FALSE. To understand the sequence of events: while in Tibet, eastern feudalism continued, in the neighboring provinces where minorities Tibetans coexist with of Han, Hui, Yi, Naxi, Qiang, Mongols…, land reform got underway at the beginning of the 1950s. The lands of the great landowners were confiscated and redistributed to the poor peasants. With few conflicts, as the socialist State pays an income to the ex-owners. Resistance came from Tibetan lamas and nobility in these areas. They refuse to give up their privileges.

In 1956, they launched an armed rebellion starting from the monastery of Litang in Sichuan province. After skirmishes with the Red Army, a part of the Tibetan elite of Sichuan flees to Tibet and spreads rumors of “red terror.” From the beginning, the CIA financed and supported the uprising. Armed militia were trained in Colorado, parachuted into Tibet, and supplied with weapons by air. The bloody events of this period were indeed a struggle of the privileged classes, organized by the CIA.

In 1959, the rumor that,“The Chinese will kidnap the Dalai Lama,” sparked a large demonstration in Lhasa. In reality, the CIA had already organized the Dalai Lama's flight towards India. The demonstrators lynched some Tibetan officials, and the Red Army crushed the riot. How many deaths in Lhasa? Three thousand according to testimonies collected by the political economist Henry Bradsher (pro-independence). Sixty-five thousand, claimed the Dalai Lama in 1959. Then, it will pass to eighty-seven thousand. However, at that time Lhasa only had a maximum of forty thousand inhabitants. It is true that after the riot, ten thousand Tibetans were sent to spend eight months doing forced labor to build the first hydro-electric power station in Ngchen. But the unsubstantiated figures continued to circulate. In 1984, the Tibetan government in exile used the figure of « 432.000 Tibetains dead during the battles with the Red Army between 1949 and 1979 » !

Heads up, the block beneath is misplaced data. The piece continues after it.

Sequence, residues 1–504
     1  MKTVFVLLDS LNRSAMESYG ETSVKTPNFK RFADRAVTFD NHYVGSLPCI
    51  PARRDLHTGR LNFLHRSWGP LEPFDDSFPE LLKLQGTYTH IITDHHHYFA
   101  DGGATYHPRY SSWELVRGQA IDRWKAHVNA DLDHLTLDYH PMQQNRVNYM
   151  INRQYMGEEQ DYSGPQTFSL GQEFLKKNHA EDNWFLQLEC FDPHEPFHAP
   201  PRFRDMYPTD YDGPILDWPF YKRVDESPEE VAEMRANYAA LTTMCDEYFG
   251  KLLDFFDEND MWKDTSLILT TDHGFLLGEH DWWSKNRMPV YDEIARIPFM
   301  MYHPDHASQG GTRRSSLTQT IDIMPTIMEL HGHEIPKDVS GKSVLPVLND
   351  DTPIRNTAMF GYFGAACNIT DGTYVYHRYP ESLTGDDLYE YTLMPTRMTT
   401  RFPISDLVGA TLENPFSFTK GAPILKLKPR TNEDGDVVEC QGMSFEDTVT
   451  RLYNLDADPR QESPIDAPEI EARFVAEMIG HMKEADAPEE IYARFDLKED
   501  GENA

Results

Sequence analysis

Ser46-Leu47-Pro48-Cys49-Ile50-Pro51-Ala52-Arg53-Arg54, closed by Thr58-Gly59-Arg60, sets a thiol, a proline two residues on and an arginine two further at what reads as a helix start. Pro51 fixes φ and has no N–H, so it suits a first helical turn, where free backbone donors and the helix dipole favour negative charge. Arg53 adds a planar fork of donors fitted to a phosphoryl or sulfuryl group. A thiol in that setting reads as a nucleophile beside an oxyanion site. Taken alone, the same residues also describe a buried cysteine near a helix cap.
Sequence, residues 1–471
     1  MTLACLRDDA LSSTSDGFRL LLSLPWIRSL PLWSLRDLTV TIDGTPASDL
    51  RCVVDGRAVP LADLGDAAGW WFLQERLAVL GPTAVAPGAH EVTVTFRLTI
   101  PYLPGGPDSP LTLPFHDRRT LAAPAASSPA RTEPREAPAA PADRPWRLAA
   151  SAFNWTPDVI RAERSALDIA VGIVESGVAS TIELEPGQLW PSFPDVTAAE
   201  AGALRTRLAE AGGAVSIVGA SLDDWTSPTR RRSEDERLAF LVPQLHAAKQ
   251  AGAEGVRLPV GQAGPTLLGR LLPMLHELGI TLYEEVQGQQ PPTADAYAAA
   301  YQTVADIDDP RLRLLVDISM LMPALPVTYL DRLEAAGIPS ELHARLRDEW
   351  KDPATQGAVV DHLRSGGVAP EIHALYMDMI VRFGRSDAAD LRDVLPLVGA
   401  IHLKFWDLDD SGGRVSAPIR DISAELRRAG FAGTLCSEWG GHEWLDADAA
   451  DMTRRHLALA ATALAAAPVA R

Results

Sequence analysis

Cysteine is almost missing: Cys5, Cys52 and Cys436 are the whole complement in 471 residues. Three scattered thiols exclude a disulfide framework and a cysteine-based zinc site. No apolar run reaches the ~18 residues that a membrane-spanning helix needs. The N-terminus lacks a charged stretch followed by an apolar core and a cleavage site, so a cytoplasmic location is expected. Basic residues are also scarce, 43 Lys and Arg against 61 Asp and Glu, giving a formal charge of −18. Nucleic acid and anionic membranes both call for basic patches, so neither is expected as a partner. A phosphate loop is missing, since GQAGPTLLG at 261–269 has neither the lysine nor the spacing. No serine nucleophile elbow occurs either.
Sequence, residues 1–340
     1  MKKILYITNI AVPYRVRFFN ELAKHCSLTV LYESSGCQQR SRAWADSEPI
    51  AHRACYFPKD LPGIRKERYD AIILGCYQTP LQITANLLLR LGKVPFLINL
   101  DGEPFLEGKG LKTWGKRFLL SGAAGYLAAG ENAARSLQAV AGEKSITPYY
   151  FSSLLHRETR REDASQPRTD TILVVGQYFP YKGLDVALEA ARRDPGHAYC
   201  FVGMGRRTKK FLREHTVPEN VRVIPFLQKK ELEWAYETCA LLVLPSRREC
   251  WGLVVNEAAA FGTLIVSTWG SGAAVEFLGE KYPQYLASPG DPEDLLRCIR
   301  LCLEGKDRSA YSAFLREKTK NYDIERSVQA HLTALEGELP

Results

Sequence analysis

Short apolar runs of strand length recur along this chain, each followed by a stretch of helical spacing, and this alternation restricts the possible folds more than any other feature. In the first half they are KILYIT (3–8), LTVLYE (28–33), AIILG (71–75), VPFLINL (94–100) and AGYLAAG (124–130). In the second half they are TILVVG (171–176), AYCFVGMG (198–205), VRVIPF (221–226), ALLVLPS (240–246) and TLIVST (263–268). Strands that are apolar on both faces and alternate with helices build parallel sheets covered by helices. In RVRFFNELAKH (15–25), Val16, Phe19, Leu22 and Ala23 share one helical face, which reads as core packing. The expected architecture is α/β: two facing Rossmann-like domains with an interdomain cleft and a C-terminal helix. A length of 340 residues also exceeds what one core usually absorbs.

TRUE. Starting in 1949, the United States tried to convince the Dalai Lama to go into exile, with the assistance of his two brothers (recruited by the CIA in 1951) and of the German adviser Heinrich Harrer (former SS). It would take ten years before he agreed to take refuge in India with the layer of privileged dignitaries who will make up the exiled Tibetan community.